People have witnessed many incidents of abuse of the DSA and non-bailable nature of some offences that endangers the lives of mass populace or leads to riot or irrecoverable damage to one’s reputation may be justified considering its seriousness. However, definition of offences must not have ambiguity. Along with increasing technological development the essence of ensuring cyber security through effective laws is inevitable. Although it becomes challenging when crimes are committed outside our territory. Although this Act enjoys extra-territorial jurisdiction but we have not seen many incidents where random Youtubers and so-called activists involved in spreading misinformation regarding sensitive issues of national security or humiliating someone to face exemplary conviction. Similarly, increasing use of AI is posing cyber threats globally. It must also be noted that despite all the stringent provisions private information of public was stolen from a government website. And, multiple government websites are still being threatened by cyber criminals.

At the same time, freedom of expression is not an unfettered liberty that allows one to malicious humiliate or insult another with an ill motive. Often, many women, children, and respected members of the society are victims of malicious cyber attacks. In countries like Bangladesh where religious sentiments are very strong it is important to have laws that protect fundamental right to enjoy religious freedom, and, to protect sanctity of religions to prevent riots. Thus, Section 28 plays a pivotal role to protect religious harmony. However, the definition of offences should include religious speakers who spread misinformation, hatred, radical ideologies, and encourage extremism.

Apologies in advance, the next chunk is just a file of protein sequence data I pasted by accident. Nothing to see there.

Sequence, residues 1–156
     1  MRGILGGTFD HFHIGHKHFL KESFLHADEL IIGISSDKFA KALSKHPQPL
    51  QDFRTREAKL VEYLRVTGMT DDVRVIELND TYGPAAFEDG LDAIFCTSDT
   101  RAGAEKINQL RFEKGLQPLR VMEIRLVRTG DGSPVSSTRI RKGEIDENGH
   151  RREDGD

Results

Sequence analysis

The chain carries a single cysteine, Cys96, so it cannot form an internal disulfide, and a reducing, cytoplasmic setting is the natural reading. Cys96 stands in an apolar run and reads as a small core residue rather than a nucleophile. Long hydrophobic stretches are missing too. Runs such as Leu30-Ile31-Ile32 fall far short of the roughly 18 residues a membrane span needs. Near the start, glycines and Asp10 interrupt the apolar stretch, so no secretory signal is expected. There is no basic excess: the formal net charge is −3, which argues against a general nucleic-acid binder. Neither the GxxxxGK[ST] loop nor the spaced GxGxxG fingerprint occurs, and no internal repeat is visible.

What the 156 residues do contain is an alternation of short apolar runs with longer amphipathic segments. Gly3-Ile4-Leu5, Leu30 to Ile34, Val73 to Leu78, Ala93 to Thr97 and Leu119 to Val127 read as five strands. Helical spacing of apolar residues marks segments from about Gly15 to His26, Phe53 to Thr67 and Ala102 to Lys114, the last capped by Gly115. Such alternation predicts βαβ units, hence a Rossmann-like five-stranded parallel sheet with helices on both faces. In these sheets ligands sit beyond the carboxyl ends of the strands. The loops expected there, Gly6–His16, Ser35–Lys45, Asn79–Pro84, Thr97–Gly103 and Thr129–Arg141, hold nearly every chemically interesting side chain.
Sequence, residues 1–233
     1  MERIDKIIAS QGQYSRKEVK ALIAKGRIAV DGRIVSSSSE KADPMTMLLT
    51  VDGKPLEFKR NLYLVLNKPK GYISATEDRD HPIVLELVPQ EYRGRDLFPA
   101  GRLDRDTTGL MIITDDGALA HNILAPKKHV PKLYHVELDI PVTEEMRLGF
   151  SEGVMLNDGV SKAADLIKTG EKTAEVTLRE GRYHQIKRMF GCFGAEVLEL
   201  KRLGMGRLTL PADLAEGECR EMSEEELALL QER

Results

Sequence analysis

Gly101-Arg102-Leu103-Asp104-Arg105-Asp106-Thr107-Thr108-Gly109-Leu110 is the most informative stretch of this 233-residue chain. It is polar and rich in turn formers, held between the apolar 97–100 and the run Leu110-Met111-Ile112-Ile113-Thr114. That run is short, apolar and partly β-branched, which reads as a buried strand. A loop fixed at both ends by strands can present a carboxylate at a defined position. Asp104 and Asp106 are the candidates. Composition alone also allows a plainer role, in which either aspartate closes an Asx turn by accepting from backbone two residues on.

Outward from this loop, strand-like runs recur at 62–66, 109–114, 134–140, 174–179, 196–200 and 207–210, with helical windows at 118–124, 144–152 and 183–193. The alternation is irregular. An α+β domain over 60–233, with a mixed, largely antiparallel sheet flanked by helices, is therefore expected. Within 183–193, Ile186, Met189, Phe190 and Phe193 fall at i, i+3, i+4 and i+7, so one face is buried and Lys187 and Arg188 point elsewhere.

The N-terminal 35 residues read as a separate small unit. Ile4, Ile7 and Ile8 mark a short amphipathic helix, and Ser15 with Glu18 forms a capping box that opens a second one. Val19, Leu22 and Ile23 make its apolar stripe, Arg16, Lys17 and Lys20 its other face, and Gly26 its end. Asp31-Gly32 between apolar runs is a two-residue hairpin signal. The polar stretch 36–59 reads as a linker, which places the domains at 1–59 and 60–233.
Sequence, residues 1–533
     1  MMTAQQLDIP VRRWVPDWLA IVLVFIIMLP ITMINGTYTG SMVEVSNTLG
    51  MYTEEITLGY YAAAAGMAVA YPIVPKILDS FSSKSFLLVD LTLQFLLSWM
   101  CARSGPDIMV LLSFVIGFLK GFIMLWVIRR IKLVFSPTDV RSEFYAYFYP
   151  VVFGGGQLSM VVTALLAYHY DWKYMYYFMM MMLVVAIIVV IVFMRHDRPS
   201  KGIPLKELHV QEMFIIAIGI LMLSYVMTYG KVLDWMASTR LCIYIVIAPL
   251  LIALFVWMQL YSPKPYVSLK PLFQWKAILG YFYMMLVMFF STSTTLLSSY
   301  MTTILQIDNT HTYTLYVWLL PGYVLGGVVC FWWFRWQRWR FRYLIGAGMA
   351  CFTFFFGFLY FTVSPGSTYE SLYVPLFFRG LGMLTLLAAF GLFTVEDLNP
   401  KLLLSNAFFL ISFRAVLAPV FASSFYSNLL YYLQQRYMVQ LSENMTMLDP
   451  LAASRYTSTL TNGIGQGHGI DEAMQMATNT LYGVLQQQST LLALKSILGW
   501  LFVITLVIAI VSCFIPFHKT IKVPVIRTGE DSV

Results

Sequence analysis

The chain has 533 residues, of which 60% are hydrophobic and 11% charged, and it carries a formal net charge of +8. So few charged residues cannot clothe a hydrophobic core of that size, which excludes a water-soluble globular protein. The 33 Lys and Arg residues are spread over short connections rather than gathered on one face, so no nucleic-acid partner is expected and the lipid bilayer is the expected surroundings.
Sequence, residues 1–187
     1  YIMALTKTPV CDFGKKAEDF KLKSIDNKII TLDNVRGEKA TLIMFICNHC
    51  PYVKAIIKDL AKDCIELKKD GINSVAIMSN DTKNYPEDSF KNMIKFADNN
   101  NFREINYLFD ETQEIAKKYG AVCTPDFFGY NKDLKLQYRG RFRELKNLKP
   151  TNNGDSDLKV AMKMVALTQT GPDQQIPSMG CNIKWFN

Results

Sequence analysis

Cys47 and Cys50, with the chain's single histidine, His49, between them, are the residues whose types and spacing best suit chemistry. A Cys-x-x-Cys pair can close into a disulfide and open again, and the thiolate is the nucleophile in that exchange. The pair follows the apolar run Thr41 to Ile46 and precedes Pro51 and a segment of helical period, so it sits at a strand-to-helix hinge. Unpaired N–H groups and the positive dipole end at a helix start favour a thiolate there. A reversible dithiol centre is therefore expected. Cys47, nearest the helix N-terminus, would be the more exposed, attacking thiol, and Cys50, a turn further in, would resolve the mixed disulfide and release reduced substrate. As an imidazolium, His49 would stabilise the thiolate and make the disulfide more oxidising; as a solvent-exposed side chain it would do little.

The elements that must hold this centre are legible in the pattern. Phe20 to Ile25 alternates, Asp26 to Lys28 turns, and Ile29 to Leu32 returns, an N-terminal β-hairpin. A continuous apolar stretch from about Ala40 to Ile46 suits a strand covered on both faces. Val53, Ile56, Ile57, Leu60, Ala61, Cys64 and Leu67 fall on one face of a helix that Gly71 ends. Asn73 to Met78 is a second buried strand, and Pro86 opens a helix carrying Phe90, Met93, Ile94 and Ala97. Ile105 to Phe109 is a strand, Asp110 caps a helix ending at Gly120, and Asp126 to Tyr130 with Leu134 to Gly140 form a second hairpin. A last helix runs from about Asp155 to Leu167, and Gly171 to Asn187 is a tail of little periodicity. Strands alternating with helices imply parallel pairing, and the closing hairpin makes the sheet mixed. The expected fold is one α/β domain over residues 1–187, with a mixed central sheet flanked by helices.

The proposed Cyber Security Bill brought some amendments. Defamation under Section 29 is no longer imprisonable and only punishable by a fine not exceeding 25 lacs, and reduced punishment of some with only 6 offences being non-bailable. However, preservation of most of the controversially or vaguely drafted provisions, its non-bailable feature, and power of police under Section 43 is making critics and stakeholders say it’s the same liquor in a new bottle. It is also important for the policy makers to realise that occupational constraints will force lay people to rely on unauthorised sources on social media often filled with imaginary nonsense and sick display of biased narratives. Cumulative dialogue with prominent activists, journalists, and lawyers can open the door to an uniquely drafted Cyber Security Act that can achieve both protection of the country and its citizens from cyber criminals, and, ensure enough space for real freedom of expression and investigative journalism.

Writer:
Barrister Ahnaf Fahmin
Barrister-at-Law, Lincoln’s Inn.

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Daily Dazzling Dawn is the first and only international and non-profitable newspaper, which is 100% ownership of professional journalists from Bangladeshi origin with 20 years of experience in global journalism. The main aim of the newspaper is promoting ethical journalism with truth, accuracy and proficiency.

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Dulal Ahmed Chowdhury

Dulal Ahmed Chowdhury is the Editor of The Daily Dazzling Dawn. Previously, he has been serving in important positions in all the famous national dailies of the Bangladesh since the nineties. He has played a commendable role in journalism by participating in various events at the national and international levels. United Nations Conference, World Climate Conference, SAARC Summit are notable among them.